Feb 26, 2009
He Who Smelt It
Tonight my place smells awful not because of "that" but because I fried up a mess of smelt. So very good, just coated in seasoned flour and sizzling while I watched Wake's defense stay one step ahead of State's offense.
I've never cooked smelt before (and maybe fried fish fewer than a half-dozen times in my life) but boy it was easy. What's Cooking America has a fascinating history of smelt in the Pacific Northwest, including this excerpt of an article on smelt potlatch:
"David Lewis and Scott Byram in their article Ourigan - Wealth of the Northwest Coast talks about the ooligan oil:
The Indians of the Northwest were known for their great wealth, and nutritious ooligan oil was one of their most valued trade goods. Some of the greatest potlatch ceremonies were ooligan 'grease feasts,' and ooligan also was a medicine.
Tribal chiefs would hold "grease feast . . . in order to destroy the prestige of the rival" chiefs. The ooligan grease feast was the most expensive of all the feast, "at which erormous quantities of fish oil (made of the oulachon) are consumed and burnt . . . "During a grease feast, the central fire is built up to the point of scorching the guests in order for the host to conquer them, and "grease is poured into the fire so that the blankets of guests get scorched." This serves to raise the prestige of the host who can afford to give such a feast, expending enormous quantities of the valued resource. If the rival chief is not able to respond with a similar potlatch and destroy an equal amount of property, then his name is "broken" and he suffers a loss of prestige"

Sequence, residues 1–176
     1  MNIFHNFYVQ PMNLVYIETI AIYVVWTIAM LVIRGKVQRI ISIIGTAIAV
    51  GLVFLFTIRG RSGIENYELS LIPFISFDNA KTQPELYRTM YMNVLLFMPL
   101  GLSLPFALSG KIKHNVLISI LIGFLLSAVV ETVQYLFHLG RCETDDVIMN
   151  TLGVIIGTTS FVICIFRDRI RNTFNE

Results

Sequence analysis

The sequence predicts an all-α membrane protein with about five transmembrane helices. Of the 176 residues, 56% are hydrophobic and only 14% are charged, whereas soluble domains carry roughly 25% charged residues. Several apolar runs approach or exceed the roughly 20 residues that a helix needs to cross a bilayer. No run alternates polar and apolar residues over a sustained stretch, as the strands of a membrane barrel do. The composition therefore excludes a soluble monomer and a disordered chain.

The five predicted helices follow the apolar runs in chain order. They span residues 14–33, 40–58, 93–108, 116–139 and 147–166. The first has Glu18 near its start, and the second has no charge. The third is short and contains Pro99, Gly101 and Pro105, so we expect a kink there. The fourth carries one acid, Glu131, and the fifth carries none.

Conspicious Consumerism, anyone?
Photo from whatscookingamerica.com
11:16 PM | Permalink
The tradition continues today, except it has evolved into burning garlic bread to impress dinner guests with the host's ability to withstand the smoke.
Posted by: unknown chef | Feb 27, 2009 5:10:54 AM